Finno-Ugric Language

Finnish is a branch of the Finno-Ugric language family and even though it is surrounded by Indo-European languages like Swedish, Norwegian and Russian,
it is very different from them. If you want to know more, you might find This is Finland article or Britannica's public Web site link
on Finnish origin and Uralic languages interesting.


Finnish does not use articles (cf. English a, the) nor has gender masculine or feminine (cf. French un, une).
Both males and females are referred to with the same third person singular pronoun hän he/she. 

Pronunciation and Spelling

There is a clear relationship between the way a word is written and the way it is pronounced. A written letter is almost always represented by the same sound
(cf. the pronunciation of letter ‘a’ in English words cat, all, aim, where 'a' is pronunced differently in all three words).

Word Stress

All Finnish words have their main stress on the first syllable. The illustrations down highlight where the stress is in the word.
Listen carefully and repeat, and pay attention to the stress. Please feel free to practice as many times as needed.



Sentence Intonation

Sentence intonation always falls off. It does not rise even in questions. The illustrations down highlight the intonation in the sentece.
Listen carefully and repeat, and pay attention to the intonation. Please feel free to practice as many times as needed.

Kuka sinä olet?
Who are you?

Minä olen Alex.
I’m Alex.


sauna                                  Tukholma
s1 tukholma

Most of the Finnish words are original Finno-Ugric words like saunoa to take sauna. Finnish also has a lot of loanwords from Indo-European languages.

Many borrowed words have changed so much that it might be difficult to recognize the word because it cannot be associated with the original word.

  • Vowels may be added to the end of loanwords – most often “i” as in ‘pubi’ (cf. English pub).

  • Consonants are often doubled, as in ‘hattu’ (cf. English hat).

  • Because the letters b, c, d, f and g are not originally Finnish many loanwords use the nearest Finnish equivalents p, k or s, t, v, and k,
    for example the word bank becomes ‘pankki’. (b=p, k=kk, +i)

  • In consonant clusters like “st-” the first letters may be left out, for example ‘Tukholma’ (cf. Swedish Stockholm). By applying such logic backwards,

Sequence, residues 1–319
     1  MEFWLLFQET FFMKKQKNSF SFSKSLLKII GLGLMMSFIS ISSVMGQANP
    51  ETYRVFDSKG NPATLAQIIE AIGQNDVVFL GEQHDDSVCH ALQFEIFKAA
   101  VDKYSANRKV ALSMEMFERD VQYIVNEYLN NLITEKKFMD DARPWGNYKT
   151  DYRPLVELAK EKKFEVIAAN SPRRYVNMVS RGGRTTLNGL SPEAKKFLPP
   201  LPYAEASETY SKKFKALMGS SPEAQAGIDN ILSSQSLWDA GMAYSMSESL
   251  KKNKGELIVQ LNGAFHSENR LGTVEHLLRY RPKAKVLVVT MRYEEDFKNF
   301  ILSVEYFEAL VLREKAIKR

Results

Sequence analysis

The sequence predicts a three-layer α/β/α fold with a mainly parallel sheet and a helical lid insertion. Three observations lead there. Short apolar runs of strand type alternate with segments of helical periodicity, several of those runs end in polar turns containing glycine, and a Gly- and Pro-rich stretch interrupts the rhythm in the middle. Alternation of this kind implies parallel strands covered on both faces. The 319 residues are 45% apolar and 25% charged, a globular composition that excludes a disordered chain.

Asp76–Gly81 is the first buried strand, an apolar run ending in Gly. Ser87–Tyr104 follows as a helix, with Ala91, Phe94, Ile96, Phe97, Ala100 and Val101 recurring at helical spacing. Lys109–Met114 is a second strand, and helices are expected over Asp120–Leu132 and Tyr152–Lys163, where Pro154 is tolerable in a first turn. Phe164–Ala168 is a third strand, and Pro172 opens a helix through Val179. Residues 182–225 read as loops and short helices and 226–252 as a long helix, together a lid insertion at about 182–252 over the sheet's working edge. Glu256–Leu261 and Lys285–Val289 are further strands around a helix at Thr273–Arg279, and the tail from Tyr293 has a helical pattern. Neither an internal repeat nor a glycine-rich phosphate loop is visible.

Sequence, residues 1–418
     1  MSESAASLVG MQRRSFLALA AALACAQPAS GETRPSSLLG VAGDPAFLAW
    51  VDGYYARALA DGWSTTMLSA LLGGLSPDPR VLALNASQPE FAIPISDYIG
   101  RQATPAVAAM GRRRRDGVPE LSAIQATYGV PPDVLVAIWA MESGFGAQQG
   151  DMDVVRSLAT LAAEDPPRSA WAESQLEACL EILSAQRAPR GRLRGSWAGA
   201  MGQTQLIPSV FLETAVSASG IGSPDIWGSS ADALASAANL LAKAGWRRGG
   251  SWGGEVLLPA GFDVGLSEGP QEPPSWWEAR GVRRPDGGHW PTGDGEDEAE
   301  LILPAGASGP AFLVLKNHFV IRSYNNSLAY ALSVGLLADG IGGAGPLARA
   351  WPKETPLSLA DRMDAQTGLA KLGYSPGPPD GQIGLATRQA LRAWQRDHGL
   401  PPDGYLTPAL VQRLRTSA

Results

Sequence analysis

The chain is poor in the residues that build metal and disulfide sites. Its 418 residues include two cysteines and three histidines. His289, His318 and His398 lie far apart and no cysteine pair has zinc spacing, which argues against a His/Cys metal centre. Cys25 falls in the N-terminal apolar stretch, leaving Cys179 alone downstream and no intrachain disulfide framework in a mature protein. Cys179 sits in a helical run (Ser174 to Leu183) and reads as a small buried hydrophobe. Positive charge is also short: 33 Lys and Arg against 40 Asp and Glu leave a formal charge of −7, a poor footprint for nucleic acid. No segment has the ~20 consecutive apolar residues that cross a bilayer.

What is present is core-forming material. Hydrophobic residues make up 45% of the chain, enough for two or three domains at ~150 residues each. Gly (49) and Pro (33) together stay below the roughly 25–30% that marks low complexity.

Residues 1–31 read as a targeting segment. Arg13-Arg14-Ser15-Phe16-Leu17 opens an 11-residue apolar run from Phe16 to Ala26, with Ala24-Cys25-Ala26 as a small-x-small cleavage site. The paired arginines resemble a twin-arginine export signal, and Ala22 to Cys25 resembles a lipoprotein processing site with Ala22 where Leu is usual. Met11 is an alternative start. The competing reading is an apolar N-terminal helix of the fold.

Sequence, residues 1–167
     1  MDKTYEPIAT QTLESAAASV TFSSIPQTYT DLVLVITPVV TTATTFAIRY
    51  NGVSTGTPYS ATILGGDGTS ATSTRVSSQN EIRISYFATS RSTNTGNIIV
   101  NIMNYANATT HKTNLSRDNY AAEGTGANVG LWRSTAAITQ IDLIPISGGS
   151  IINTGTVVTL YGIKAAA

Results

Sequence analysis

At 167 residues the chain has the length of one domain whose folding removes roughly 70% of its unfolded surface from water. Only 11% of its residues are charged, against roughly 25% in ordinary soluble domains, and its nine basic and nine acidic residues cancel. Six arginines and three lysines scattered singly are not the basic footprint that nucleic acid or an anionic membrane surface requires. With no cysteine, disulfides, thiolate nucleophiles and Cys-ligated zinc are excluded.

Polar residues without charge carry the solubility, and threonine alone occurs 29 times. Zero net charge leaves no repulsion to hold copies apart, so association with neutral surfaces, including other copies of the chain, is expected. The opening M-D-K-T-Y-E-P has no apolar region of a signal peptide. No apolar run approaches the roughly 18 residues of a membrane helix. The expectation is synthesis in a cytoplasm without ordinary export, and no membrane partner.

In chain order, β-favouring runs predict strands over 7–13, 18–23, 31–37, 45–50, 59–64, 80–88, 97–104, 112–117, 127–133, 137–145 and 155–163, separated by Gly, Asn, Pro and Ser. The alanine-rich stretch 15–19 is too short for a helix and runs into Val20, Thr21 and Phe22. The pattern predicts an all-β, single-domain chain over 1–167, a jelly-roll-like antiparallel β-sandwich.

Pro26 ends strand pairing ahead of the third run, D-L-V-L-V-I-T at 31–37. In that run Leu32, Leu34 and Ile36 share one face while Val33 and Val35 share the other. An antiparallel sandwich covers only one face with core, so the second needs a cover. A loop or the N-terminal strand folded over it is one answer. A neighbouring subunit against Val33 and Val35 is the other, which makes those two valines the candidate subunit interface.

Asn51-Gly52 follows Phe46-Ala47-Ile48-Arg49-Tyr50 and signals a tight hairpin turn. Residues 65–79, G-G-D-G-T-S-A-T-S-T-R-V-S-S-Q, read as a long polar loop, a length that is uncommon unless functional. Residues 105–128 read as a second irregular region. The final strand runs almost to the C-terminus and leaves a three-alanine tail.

you may be able to work out what some of the following loanwords mean, even if you do not speak Finnish (answers are below the audiofiles):

hotelli, museo, pubi

musiikki, teatteri, konsertti

salaatti, banaani, tomaatti

kahvi, viini, drinkki
piano, kitara, viulu

televisio, radio, stereot

kompromissi, systeemi, tekniikka
matematiikka, fysiikka, kemia
idea, projekti, raportti
materiaali, energia, bensiini
presidentti, professori, kokki
politiikka, demokratia, kriisi

hotel, museum, pub, music, theatre, concert
salad, banana, tomato, coffee, wine, drink
piano, guitar, violin, television set, radio, stereo
compromise, system, technique, mathematics, physics, chemistry
idea, project, report, material, energy, gasoline
president, professor, cook, politics, democracy, crisis

Compound Words and Suffixes

Finnish favors compound words, where two or more words stick together.

Minuuttibaari                           Piparkakkutalo
Minuuttibaari piparkakkutalo

minuutti + baari = minuuttibaari (minute bar)          pipar + kakku + talo = piparkakkutalo (gingerbread house)                                      
haju + vesi = hajuvesi
perfume (literally odourwater)
ruoka + kauppa = ruokakauppa
grocery store (literally foodmarket)
Finnish uses many suffixes for forming new words from the existing ones. Some examples:
raha, rahaton
money penniless, broke
työ, työtön
work, unemployed
kahvi, kahvila
coffee, coffee shop
ravinto, ravintola
nutrition, restaurant
Last modified: Thursday, 14 June 2018, 10:49 AM